This is evidenced by the results of a study conducted by the Rating sociological group in September 2016.
"Despite the fact that the number of those, who recognize the Holodomor as genocide slightly decreased compared with the previous year (from 80% down to 72%), this number is still the same as it was in 2014 and is higher than it was in 2010-2012 (about 60%)," the statement, released on the group’s website, reads.
Almost all the residents of western Ukraine (97%), the majority of population of central Ukraine (78%), almost two-thirds of population of southern Ukraine (57%), and slightly less than half of the population of eastern Ukraine (48%) agree that the Holodomor of 1932-33 was the genocide of the Ukrainian people.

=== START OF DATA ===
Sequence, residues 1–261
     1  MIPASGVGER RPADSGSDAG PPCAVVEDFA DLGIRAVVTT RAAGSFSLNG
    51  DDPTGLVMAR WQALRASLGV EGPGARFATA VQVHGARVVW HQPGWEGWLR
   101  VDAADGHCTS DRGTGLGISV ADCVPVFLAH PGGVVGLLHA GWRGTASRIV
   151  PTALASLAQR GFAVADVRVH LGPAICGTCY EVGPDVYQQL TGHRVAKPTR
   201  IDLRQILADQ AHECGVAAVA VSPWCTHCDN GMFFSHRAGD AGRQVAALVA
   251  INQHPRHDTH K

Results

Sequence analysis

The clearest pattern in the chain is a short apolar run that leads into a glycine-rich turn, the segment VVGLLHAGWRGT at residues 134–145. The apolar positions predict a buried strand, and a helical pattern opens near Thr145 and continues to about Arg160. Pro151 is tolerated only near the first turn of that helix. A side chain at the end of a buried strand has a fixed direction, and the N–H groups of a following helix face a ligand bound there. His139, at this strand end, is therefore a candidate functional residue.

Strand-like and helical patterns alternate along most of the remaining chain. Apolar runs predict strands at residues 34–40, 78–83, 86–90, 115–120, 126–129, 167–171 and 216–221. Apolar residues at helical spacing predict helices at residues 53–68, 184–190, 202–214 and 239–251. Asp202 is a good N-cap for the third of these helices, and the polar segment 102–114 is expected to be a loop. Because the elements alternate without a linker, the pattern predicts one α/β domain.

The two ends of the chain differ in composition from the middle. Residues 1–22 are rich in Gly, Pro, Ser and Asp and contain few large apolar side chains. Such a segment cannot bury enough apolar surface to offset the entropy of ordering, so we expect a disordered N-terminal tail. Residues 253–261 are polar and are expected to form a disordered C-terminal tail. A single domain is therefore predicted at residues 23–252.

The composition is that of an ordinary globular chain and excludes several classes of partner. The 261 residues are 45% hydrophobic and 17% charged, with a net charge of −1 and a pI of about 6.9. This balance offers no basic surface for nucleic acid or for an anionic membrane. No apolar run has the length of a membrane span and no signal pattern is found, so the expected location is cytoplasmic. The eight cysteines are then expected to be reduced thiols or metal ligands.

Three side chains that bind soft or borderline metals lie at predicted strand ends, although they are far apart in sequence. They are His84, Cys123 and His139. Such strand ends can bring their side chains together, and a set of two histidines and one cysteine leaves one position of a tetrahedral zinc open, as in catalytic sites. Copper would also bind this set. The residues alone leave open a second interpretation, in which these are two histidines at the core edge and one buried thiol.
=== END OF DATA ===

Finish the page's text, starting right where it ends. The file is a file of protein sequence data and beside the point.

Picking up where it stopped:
The study was conducted on September 16-22, 2016. More than 2,000 full-aged respondents took part in the poll.
The Holodomor, referred to also as the Great Famine and The Ukrainian Genocide of 1932-33, was a man-made famine in Ukraine in 1932 and 1933 that killed an estimated 2.5–7.5 million Ukrainians, with millions more counted in demographic estimates. Since 2006, the Holodomor has been recognized by the independent Ukraine and 24 other countries as a genocide of the Ukrainian people carried out by the Soviet Union.